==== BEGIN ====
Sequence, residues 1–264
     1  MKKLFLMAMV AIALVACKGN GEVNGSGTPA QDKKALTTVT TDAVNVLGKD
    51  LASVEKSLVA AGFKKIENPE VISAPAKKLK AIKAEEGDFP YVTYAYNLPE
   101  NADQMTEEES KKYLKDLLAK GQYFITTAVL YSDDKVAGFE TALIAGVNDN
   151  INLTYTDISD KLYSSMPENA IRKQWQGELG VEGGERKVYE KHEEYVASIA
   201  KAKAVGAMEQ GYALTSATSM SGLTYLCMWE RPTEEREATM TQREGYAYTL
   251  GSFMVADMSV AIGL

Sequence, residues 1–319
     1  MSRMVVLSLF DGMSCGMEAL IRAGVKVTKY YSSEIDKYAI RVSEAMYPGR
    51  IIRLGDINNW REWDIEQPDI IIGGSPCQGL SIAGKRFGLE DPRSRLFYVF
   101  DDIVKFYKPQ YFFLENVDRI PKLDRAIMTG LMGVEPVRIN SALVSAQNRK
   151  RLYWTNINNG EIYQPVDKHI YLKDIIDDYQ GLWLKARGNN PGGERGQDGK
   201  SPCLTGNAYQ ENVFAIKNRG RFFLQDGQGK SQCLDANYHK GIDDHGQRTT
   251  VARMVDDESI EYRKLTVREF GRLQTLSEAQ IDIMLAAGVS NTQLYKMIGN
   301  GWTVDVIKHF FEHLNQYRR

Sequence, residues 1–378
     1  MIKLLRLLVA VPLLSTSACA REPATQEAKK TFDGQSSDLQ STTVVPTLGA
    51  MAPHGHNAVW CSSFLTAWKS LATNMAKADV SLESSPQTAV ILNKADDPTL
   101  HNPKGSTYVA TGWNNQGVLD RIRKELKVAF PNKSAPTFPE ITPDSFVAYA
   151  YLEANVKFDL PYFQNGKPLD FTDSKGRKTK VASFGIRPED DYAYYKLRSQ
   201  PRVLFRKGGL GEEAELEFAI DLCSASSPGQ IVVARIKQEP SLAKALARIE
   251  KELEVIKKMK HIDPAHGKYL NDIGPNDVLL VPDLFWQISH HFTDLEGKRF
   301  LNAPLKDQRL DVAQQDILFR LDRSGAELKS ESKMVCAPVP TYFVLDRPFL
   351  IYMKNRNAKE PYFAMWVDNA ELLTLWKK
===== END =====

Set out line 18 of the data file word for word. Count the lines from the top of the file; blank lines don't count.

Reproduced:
    51  MAPHGHNAVW CSSFLTAWKS LATNMAKADV SLESSPQTAV ILNKADDPTL